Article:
08/05/12 (written by nkelly) – The announcement of the construction of a monument dedicated to the victims of drug-related violence in Mexico has sparked a debate. The government-backed “Memorial a las Víctimas de la Violencia” will not be unveiled until November 15 of this year, although construction of the project–15 large steel walls surrounding a reflection pool–will begin soon. The design for the project, which comes from a student at the Mexico City College of Architecture, is expected to cost the Mexican government approximately 22,890,000 pesos (about $1.75 million USD). The current plan is for the monument to be built next to the Campo Marte military base in Mexico City, the nation’s capital.
Critics argue that the memorial, and particularly its location next to a military installation, is an insult to the victims and their families and a reminder of the escalating violence in Mexico since 2006. Prominent activist Javier Sicilia, among others, have condemned the building of the statue, labeling it a “barbarity and an insult to the victims,” and saying it does not acknowledge the individuals lost. He argues that the proper tribute to these victims is to identify their bodies and provide more details surrounding their deaths, which critics have argued the Mexican government has done a poor job of doing thus far. Sicilia rejects the idea of the structure being erected right next to the military base, calling it “a mistake in every way.”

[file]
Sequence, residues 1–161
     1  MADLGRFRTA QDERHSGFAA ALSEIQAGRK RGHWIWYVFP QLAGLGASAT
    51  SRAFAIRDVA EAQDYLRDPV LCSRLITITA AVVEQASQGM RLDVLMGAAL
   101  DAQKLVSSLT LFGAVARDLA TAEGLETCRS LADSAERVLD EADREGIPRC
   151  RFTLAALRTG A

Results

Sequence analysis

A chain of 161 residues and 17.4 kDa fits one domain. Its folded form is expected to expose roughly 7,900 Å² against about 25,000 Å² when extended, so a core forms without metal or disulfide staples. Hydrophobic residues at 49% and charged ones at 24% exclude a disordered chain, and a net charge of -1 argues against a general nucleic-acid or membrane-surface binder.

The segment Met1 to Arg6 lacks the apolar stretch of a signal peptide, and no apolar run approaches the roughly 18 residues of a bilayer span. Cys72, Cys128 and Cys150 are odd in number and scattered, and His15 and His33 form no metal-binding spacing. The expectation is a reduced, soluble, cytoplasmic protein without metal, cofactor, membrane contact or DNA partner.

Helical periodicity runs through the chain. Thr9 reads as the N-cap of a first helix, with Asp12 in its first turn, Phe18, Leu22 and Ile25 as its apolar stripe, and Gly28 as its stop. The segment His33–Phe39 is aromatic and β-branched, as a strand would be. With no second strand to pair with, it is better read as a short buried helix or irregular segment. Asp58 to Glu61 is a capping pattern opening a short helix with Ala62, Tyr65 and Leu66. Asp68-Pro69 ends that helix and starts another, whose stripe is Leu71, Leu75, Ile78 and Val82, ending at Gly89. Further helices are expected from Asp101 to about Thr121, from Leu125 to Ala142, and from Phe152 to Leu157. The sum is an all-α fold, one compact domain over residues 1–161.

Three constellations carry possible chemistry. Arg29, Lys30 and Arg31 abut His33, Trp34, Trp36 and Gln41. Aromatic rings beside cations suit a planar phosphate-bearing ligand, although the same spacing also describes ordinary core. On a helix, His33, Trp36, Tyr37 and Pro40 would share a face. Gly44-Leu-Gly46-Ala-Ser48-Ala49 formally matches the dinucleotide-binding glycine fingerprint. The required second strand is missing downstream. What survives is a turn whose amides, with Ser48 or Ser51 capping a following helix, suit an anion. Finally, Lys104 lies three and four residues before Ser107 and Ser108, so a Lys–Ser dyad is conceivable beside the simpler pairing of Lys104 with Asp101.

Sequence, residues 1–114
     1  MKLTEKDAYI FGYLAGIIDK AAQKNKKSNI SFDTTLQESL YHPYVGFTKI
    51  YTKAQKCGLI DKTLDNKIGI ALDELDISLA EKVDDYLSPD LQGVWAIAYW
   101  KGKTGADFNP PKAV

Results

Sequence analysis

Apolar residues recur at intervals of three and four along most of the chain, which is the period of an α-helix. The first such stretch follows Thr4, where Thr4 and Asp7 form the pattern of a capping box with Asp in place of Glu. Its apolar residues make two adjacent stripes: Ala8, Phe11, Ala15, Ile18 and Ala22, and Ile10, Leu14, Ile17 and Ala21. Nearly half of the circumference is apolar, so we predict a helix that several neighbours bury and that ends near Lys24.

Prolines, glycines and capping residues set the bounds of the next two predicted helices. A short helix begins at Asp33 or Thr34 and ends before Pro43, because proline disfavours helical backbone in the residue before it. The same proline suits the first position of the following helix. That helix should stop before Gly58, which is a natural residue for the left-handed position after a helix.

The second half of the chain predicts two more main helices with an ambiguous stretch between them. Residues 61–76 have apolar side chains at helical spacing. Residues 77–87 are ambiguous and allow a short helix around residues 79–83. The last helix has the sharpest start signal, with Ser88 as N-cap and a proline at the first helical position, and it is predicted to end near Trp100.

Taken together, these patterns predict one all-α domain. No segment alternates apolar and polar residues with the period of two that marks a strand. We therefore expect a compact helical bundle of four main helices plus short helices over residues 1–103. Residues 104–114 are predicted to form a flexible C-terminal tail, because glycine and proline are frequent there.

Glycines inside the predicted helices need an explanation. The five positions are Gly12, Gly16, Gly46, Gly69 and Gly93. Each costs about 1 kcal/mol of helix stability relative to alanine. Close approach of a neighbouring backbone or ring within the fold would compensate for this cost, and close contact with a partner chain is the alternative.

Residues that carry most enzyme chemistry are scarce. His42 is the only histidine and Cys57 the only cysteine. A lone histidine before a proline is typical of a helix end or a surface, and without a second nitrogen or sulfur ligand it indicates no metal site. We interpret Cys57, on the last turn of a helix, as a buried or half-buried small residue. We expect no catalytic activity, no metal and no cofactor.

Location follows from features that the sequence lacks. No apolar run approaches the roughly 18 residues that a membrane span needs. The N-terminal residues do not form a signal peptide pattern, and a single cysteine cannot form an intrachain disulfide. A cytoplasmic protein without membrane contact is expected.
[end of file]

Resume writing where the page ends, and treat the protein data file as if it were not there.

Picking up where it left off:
On the one hand, however, many activists in Mexico have been demanding the construction of the memorial as a tribute to the over 50,000 victims lost since 2006. They argue that the memorial will offer the country a place for reflection (espacio de reflexión) to remember the victims, as well as serve as a cautionary reminder to not let history repeat itself. One such advocate, Isabel Miranda de Wallace, head of an anti-kidnapping foundation called Alto al Secuestro, argues that the memorial’s intent is to “remember what many people in this country have lived through–the pain, the suffering, the violence that has taken place–so that society never returns to relive a situation like this.” For his part, Secretary of the Interior Alejandro Poiré argues, “it is important to give crime victims this recognition.”
The debate about the Monument to the Victim’s of Violence coincides with an unfolding situation in Mexico surrounding the delayed passage of the Victim’s Law (Ley de Víctima)—a law that offers monetary compensation to victims of violence and would create a national registry to document human rights violations such as kidnappings and forced disappearances. As the Justice in Mexico Project reported in July, President Calderón passed the legislation off to the Supreme Court for review citing he had objections to specific components and refused to pass the bill as such.